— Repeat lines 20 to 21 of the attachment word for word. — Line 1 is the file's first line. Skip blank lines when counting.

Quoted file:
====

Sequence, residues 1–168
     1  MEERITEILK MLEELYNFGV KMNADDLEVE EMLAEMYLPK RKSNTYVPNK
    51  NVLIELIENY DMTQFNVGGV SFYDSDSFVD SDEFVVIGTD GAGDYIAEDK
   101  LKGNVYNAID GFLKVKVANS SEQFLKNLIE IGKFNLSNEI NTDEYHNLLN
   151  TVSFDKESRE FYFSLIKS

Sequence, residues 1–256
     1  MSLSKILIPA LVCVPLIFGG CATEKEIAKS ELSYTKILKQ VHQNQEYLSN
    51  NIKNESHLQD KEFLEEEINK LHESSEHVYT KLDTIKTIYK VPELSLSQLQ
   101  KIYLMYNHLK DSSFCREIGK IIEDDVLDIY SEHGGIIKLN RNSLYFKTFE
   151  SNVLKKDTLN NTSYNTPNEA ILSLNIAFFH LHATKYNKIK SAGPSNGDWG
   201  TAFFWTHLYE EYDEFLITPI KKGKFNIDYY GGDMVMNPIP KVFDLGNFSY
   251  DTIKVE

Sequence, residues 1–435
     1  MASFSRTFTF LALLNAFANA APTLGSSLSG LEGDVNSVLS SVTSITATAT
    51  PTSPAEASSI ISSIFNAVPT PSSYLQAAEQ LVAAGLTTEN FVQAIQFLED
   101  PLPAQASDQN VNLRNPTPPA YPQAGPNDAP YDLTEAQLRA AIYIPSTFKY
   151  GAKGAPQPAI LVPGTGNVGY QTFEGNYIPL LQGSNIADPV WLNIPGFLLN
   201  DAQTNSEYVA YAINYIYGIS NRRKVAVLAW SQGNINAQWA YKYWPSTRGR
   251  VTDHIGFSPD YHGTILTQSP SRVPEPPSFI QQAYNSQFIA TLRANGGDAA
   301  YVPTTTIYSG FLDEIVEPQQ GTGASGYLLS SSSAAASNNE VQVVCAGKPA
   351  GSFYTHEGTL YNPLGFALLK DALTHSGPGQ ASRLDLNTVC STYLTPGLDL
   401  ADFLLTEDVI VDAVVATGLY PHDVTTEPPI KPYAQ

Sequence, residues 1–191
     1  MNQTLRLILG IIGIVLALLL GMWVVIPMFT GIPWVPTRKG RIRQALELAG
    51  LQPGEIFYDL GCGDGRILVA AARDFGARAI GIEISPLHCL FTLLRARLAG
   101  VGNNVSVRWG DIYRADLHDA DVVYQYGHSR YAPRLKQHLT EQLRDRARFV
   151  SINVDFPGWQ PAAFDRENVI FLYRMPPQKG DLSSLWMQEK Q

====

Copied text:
   301  YVPTTTIYSG FLDEIVEPQQ GTGASGYLLS SSSAAASNNE VQVVCAGKPA
   351  GSFYTHEGTL YNPLGFALLK DALTHSGPGQ ASRLDLNTVC STYLTPGLDL